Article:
Benton & Bowles

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Founded by William Benton and Chester Bowles, 1929; Mr. Benton left, 1936; Mr. Bowles resigned as chairman, 1941; agency merged with D'Arcy-MacManus & Masius to become D'Arcy Masius Benton & Bowles, 1985.


When Benton & Bowles opened in New York in 1929, its first accounts were Hellmann's mayonnaise and Certo, a product used to make jam and jelly. William Benton, Chester Bowles and their wives conducted door-to-door consumer surveys on the secrets of jam- and jelly-making; using the results, they created a magazine advertisement that helped boost product sales.

By the end of its first year, Benton & Bowles had billings of $40,000 and 10 accounts, including additional General Foods products, Bristol-Myers Co. and Colgate-Palmolive Co. In April 1933, Atherton W. Hobler joined the agency as a new partner, bringing with him $5 million more in General Foods accounts for Maxwell House coffee, Post bran flakes, Post Toasties, Log Cabin syrup, Walter Baker's cocoa and chocolate and Diamond Crystal salt.

Once the country's best-selling coffee, by 1932 Maxwell House saw its sales decline. Benton & Bowles conducted a survey and discovered that consumers perceived the brand as too expensive and not as high quality as competing products. The agency advised General Foods to improve the product, reduce the price and increase brand awareness by sponsoring a one-hour radio variety show, which Mr. Bowles called "Maxwell House Showboat."

Radio days

Mr. Bowles also created radio shows and commercials to advertise Hellmann's mayonnaise and wrote and produced the radio soap opera "Young Doctor Malone" to promote General Foods products. He is credited with a number of radio firsts: using cue cards to generate laughter and applause from studio audiences, employing sound effects and jingles in spots, introducing dual sponsorship of shows and crafting testimonial advertising. By the mid-1930s, Benton & Bowles' "Showboat," "Palmolive Beauty Box" and "Town Hall Tonight" (for Ipana toothpaste) were three of the nation's four leading network radio programs. In 1935, Benton & Bowles ranked No. 6 among U.S. agencies, with billings of about $10 million.

In 1936, Mr. Benton sold his interest in the agency, and Mr. Bowles became chairman. About this time, Mr. Bowles was credited with creating slice-of-life advertising. In addition, the agency's West Coast production office produced a number of high-rated radio shows, including the legendary "Burns and Allen."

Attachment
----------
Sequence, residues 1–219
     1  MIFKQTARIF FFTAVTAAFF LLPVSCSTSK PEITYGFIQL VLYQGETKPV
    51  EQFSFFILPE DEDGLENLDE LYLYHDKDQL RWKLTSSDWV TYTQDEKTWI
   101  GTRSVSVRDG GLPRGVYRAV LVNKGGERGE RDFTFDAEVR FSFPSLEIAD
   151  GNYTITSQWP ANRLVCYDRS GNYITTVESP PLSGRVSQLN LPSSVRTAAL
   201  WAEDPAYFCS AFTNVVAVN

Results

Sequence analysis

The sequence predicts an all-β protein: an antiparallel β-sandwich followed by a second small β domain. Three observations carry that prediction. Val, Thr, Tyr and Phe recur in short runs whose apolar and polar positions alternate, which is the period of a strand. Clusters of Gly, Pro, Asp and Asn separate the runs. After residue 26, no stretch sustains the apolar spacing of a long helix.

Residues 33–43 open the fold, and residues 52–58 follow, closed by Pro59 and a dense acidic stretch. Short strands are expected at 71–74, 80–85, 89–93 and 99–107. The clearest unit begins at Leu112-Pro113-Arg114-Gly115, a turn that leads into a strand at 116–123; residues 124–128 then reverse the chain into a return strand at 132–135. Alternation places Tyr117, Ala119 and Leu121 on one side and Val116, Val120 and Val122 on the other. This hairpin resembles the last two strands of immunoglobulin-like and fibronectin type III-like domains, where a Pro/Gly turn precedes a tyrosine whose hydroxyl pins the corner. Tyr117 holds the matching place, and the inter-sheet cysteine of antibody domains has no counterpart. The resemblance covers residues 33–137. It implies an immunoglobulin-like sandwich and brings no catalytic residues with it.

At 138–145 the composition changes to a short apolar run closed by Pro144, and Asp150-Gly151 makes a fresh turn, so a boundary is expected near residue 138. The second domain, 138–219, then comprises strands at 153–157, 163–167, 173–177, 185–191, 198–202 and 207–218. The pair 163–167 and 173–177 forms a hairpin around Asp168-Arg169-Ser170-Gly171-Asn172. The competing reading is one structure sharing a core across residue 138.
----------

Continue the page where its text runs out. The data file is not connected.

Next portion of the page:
By the end of the 1930s, Dr Pepper, Prudential Life Insurance and Columbia Records had been added to the client roster. The agency was producing "Gang Busters" and "Hilltop House" for Palmolive, "Ripley's Believe It or Not" for Post, "Myrt & Marge" for Super Suds and "Stepmother" for Colgate.

By 1940, Mr. Bowles wanted to leave the agency, but several major clients objected. Copywriter and account exec Ted Bates left in December 1940 to launch his own agency, taking the multimillion-dollar Colgate account with him. Mr. Bowles landed Procter & Gamble Co.'s Ivory Snow in mid-1941, before resigning as chairman later that year. He was succeeded by Mr. Hobler, who is credited with establishing the first agency copy-testing department and, with the advent of TV, selling P&G on sponsoring "The Loretta Young Show."

Over the years, the agency created a number of significant campaigns. For Texaco, Benton & Bowles created the famous slogan "You can trust your car to the men who wear the star" in the 1940s. In the late 1950s, it boosted P&G's Crest toothpaste with "Look, Ma! No cavities!" and, in the 1960s, P&G's Charmin toilet tissue with "Please don't squeeze the Charmin" and brokerage house E.F. Hutton with "When E.F. Hutton talks . . . people listen." In the 1970s, it introduced Budweiser's "This Bud's for you" slogan and revitalized General Foods' Post Grape Nuts brand by positioning it as a "100% natural cereal" and casting naturalist and wild foods expert Euell Gibbons in spots for the product.

TV production

With the financial power of General Foods and P&G, Benton & Bowles remained among the last agencies to be active in TV program production. Lee Rich, head of the agency's Benton and Bowles TV department, played a major role in the development of "The Danny Thomas Show" and "The Andy Griffith Show," both for General Foods, and "The Dick Van Dyke Show," for P&G.

Benton & Bowles' international billings climbed in the mid-1960s as domestic billings declined. The agency lost $21 million in U.S. billings from 1966 to 1967, while international billings more than doubled from $21.4 million to $47.5 million. Much of the gain came from newly acquired foreign agencies following a year of aggressive expansion. Benton & Bowles International was formalized as a separate corporate entity in February 1968. In 1970, domestic billings were up slightly, and international billings continued their ascent, climbing more than 20%.

In 1985, Benton & Bowles merged with D'Arcy-MacManus & Masius to become D'Arcy Masius Benton & Bowles, the No. 8 agency in the U.S. At the time, Benton & Bowles' accounts included Beatrice Foods' Tropicana orange juice, Hardee's Food Systems, long-distance phone company MCI Corp., Nabisco Brands' Planters Nuts products, Texaco and numerous P&G and Richardson-Vicks brands.

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